Once you were not a people, but now you are God’s people; once you had not received mercy, but now you have received mercy.

1 Peter 2: 10


In the United States it seems that we do not understand the concept of being a people as well as we might. We are such a widely diverse gathering of individuals who have racial and cultural backgrounds that have become a collection of most of the stories that are told of people groups from every corner of the world. In Peter’s time the world that he knew was beginning to become a little like ours, but the idea of being a people, especially the thought of being a select and a specifically set apart people who were designated by God for this position, was still clearly understood. Yet, even then, this concept of a separate people that was based upon nationality was false.


God’s intent was much greater than that. His desire was and continues to be to see all of humanity brought together. This was His creation design, and He has not changed the plan in the slightest from the dawn of creation to this day. God came personally into this world in Christ; the Messiah, Savior, Reconciler, and Lord; in order to bring about the destruction of all that divides. He is also the means through which the damage, the brokenness, of sin is healed. In Christ we people can find the commonality that bridges all of the fears that cut through our humanity with a jagged knife of division. In Christ there is race, nationality, gender, and culture. However, in Christ none these need to keep us apart. In Christ these distinctives are a part of the story of who we are, and they can be a part of the conversation that we have in the process of growing together in unity.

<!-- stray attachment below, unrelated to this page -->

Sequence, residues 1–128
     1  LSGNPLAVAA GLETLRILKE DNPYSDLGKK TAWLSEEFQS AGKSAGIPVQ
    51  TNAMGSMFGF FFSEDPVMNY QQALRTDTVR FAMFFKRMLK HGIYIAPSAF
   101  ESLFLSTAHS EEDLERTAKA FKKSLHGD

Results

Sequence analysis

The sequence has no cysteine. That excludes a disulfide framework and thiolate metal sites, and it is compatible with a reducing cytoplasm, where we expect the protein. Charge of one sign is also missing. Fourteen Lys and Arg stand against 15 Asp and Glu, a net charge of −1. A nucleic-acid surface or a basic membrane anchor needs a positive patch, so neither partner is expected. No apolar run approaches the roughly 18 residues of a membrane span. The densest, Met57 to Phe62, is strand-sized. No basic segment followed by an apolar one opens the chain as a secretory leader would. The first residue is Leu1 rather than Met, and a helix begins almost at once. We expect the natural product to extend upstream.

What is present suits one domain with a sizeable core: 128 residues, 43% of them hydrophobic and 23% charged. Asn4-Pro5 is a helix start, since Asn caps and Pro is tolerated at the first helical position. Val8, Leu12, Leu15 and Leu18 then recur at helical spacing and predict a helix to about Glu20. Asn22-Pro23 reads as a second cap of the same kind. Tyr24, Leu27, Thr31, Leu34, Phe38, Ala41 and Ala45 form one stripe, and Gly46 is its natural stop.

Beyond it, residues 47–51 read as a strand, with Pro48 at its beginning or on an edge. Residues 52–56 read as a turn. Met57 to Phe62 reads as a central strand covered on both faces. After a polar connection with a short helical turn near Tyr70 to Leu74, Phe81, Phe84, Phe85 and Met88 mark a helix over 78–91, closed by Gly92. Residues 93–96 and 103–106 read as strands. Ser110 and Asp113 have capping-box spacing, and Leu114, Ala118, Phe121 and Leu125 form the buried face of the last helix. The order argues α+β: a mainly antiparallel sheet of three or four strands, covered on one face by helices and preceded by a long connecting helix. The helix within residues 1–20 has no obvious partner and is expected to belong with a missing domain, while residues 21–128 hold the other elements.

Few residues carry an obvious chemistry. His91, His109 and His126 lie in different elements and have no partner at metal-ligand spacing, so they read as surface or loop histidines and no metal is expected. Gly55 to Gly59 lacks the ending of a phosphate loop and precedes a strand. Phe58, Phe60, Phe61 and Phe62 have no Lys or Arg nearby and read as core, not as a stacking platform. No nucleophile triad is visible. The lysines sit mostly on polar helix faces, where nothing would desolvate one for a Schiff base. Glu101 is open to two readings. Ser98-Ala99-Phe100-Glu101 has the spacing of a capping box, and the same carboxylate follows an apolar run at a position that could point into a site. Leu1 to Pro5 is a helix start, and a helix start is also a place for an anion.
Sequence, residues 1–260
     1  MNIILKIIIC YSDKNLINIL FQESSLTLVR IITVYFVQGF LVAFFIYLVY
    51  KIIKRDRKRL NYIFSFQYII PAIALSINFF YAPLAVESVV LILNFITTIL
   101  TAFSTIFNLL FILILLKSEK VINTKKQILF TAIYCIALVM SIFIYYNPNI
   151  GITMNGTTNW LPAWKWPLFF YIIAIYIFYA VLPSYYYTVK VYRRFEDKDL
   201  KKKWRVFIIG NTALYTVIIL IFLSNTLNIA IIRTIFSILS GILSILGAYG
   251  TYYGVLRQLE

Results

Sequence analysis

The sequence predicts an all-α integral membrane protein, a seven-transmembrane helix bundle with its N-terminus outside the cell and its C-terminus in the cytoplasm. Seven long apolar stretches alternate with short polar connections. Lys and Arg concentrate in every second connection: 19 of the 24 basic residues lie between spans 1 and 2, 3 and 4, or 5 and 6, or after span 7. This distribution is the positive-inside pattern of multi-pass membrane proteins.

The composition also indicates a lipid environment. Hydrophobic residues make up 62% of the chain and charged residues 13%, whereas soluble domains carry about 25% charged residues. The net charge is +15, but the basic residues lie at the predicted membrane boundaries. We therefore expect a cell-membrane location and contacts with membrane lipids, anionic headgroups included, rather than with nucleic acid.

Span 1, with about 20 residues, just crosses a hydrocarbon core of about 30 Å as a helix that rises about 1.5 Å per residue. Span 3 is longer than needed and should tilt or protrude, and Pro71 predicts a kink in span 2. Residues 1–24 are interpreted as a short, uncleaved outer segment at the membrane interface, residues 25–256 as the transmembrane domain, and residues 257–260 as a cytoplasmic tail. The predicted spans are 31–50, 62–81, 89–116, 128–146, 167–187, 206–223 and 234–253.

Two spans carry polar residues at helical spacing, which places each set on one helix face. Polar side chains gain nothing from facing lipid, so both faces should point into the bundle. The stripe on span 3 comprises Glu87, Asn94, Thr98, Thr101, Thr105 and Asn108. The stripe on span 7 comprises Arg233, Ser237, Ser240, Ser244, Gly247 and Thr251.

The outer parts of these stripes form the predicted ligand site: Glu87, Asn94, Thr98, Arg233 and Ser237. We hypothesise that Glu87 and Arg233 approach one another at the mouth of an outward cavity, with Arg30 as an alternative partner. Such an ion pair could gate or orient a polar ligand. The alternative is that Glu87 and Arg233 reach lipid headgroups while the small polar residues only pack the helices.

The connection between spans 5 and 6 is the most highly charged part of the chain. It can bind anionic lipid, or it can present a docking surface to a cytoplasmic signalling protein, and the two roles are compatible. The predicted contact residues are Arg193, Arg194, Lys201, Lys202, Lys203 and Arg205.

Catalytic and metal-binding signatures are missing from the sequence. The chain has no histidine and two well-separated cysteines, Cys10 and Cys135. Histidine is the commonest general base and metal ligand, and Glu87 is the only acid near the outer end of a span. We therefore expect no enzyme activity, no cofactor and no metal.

In Christ we are all a people. A singular, collective gathering of souls that resides in every corner of our world and that has a history as long and as richly diverse as the story of all of humanity. In the body of Christ there is no longer any reason to fear others, to separate from them, or to isolate ourselves from those who are different. Christ has granted to each of us the mercy of His grace. He demands that we do the same for others. As God has gathered us from that far away place of isolation into which we were born and given us a dwelling place in His presence, so we should reach out to embrace the various people of our world and through our lives show them the blessed mercy of Christ’s gift of restoration.